Last year, the Vermont legislature asked the Vermont governor for a report on the options for legalizing cannabis. The governor’s office hired RAND to do the research. That report is now public. (I’m listed as the third author for alphabetical reasons, though I doubt I did as much as 2% of the enormous amount of work that went into it.)
The Vermont process holds out great promise, because the normal legislative process – ugly as it can be – has the possibility of producing a result much more nuanced and more carefully considered from multiple viewpoints than the initiative process, under which propositions are drawn up by advocates with the advice of pollsters, no one ever holds a hearing, and any idea that can’t be explained in a 30-second TV spot has to be dropped. The key point of the RAND report is that there are legalization options other than full commercialization. Niraj Chokshi of the Washington Post “GovBeat” blog provides an excellent summary.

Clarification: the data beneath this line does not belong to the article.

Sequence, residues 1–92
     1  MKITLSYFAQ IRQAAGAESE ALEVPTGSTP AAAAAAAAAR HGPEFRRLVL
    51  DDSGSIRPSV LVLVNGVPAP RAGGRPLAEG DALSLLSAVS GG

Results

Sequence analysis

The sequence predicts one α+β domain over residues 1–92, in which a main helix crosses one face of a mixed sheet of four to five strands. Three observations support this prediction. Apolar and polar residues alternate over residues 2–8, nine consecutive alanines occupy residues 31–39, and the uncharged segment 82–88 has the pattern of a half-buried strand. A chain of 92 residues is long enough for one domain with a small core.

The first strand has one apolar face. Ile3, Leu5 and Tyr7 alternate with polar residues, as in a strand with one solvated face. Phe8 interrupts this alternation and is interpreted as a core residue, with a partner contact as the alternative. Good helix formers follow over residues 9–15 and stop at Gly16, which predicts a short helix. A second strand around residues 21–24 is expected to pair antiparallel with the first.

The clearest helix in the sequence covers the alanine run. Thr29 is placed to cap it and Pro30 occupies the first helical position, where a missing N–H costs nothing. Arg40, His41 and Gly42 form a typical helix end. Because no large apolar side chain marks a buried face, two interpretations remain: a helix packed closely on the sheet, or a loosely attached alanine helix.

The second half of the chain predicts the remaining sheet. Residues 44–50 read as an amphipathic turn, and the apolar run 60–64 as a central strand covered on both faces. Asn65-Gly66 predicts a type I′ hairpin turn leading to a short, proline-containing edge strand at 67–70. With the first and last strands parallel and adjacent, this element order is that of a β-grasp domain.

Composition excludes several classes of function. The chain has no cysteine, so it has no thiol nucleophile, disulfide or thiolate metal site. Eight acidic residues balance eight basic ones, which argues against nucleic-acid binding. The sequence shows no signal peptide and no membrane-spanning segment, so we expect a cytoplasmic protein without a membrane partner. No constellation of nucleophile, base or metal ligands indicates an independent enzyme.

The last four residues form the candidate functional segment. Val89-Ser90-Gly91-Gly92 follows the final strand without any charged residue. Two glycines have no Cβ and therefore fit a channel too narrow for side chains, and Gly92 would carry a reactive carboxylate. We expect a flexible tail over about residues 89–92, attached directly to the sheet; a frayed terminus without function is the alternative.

The key design question – this is my view rather than the one expressed in the report, which is scrupulously neutral – is how to make cannabis legally available for use by adults and wipe out the illicit market while at the same time minimizing the growth in use by minors and in the number of people with diagnosable cannabis use disorders (currently about 4 million people nationwide, about 10% of past-year users, 20% of past-month users). There are many ways to skin that cat, but I doubt that commercialization is the best approach.
But however you come out in the end, the major contribution of the report is to break through the simple prohibit/legalize dichotomy and display the wide range of options we have to choose from.